The cost of owning a dog

Okay, so you want a dog but can you afford a dog? Often prospective pooch owners forget to consider all the associated costs of owning a dog—only to find that the outlay is more than they expected.

22 Aug 2016 By Leanne Philpott Comments

It’s fair to say that the cost of owning a dog is more than the cost of owning a cat, by about $5-$10 per week, which over a year can really add up.

Nonetheless, if you’re a true blue dog lover you’re not going to choose to have a cat as a pet just because they’re less expensive.

The key is to do the maths and make sure you know how much cash you’re going to need in your wallet to be a responsible dog owner. Plus, you’ll need to consider not just the upfront costs but the ongoing costs too.

To help give you an idea of the cost of owning a dog, we’ve compiled a list of some of the main outlays.

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Initial set-up costs

The dog: This cost can vary greatly from costing you zilch up to $25,000 (according to the RSPCA)

Council registration: Ranges from $40-$150, depending whether the dog is desexed or not.

Desexing: According to the RSPCA, desexing can cost $200-$500—depending on the size, age and gender of the dog. This might seem like a big cost but if your undesexed female dog was to fall pregnant, consider the cost of microchipping a bunch of puppies. (Note: microchipping is a legal requirement and given that on average a dog will have five to six puppies, you’re looking at $300 plus.)

Microchipping: This can cost between $60-$80

Vaccinations: Just the initial puppy vaccination can range from $170-$250

Bed or kennel: Prices can start at just $15-$20 for a small pet bed rise to $200 for a designer dog bed. Dog kennels start off at approximately $100.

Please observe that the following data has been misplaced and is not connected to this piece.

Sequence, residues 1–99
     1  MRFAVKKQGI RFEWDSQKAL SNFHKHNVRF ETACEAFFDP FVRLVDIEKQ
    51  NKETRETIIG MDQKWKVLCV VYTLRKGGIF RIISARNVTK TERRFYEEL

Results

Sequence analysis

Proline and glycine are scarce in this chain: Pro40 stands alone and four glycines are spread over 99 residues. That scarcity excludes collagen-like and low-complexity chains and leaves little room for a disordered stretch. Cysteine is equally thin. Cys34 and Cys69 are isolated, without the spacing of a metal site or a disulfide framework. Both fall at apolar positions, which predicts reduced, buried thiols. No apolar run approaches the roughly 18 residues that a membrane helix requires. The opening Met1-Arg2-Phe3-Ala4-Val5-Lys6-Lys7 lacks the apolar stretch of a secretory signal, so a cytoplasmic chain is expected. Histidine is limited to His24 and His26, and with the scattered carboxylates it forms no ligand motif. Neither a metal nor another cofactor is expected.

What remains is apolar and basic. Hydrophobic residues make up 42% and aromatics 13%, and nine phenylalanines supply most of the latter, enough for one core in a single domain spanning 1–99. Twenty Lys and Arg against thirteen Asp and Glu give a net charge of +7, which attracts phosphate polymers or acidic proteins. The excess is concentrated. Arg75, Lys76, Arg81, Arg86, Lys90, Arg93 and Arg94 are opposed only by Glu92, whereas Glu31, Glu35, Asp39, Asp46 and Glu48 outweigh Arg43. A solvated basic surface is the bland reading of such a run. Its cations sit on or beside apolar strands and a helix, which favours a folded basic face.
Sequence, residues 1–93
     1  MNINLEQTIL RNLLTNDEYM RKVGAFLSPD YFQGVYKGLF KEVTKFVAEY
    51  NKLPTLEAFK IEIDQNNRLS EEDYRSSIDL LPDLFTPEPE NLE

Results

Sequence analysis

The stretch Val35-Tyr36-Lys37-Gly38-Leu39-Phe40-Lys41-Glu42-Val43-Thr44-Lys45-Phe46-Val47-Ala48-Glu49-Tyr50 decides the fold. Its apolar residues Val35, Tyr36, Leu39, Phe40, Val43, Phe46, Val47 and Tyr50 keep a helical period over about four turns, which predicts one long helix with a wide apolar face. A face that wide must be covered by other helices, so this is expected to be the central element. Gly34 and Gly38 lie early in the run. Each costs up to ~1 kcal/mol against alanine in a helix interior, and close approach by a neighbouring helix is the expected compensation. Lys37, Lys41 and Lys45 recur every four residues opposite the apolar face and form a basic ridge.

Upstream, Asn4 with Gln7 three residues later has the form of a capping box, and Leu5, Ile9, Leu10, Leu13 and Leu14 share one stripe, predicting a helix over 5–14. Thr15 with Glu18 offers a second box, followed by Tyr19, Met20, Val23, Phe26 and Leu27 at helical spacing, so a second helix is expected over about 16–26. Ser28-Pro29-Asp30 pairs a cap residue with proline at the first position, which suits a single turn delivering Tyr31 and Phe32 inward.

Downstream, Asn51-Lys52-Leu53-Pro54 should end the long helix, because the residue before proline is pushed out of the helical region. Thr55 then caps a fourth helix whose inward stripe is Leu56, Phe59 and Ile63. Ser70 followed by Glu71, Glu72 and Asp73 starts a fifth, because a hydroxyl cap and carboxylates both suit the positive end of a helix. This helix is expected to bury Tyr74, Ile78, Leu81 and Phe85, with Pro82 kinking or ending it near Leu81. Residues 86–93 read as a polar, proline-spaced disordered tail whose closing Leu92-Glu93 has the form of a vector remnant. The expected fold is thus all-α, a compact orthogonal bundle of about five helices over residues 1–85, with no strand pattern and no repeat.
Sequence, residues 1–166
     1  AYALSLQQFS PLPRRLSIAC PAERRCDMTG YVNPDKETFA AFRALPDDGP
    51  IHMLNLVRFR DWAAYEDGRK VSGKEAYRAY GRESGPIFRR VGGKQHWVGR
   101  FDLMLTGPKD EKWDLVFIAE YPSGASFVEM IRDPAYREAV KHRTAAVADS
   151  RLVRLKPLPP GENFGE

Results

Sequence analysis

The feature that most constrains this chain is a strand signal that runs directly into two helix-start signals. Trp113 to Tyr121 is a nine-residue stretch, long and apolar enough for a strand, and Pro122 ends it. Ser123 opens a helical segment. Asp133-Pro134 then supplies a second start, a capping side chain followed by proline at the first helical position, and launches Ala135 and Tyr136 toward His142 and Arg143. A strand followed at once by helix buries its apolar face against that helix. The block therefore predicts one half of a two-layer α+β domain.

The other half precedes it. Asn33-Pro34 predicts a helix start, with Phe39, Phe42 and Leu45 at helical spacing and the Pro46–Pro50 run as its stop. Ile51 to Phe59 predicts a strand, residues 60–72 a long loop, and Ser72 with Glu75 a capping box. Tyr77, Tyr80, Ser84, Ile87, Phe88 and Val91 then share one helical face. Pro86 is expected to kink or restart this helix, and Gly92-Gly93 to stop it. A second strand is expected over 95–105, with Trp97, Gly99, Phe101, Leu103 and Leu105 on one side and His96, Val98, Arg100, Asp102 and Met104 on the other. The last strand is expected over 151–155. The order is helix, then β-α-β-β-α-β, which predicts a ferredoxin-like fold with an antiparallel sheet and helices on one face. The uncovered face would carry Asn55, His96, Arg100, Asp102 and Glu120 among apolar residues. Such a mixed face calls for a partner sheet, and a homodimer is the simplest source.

Collar and leash: Expect to pay anywhere in the region of $40-$100

Worming/flea treatments: According to the RSPCA, this can range from $120-$300

Food and dog bowl: This can range from $100 upwards (based on $20 for a dog bowl and buying a month’s worth of dog food at $20 a week)

This is a guide to some of the main upfront costs of owning a dog. Each cost can vary greatly and is influenced by a number of factors relating to the dog (size, breed, age) and you (your preference and likes).

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Ongoing costs

Veterinary expenses: Annual health checks, vaccinations, worming and flea treatments can cost approximately $200 every year

Food: This can set you back $300-$600, depending on the size of dog and the type of food

Toys and treats: From $30 upwards.

 

Costs can vary greatly and there’s always going to be those annoying and totally unexpected costs. It’s important to be smart and forking out for routine vaccinations, worming, heartworm and flea treatments can help reduce the likelihood of bigger health-related vet bills.

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Other costs to consider include:

  • Doggy daycare
  • Pet insurance
  • Obedience training
  • Grooming
  • Boarding fees, if you’re planning on going on holiday without your pooch.

 

Let's not forget though, whatever cash you spend on your dog you'll get back a trillion times over in the form of priceless puppy luurve!

22 Aug 2016 By Leanne Philpott Comments

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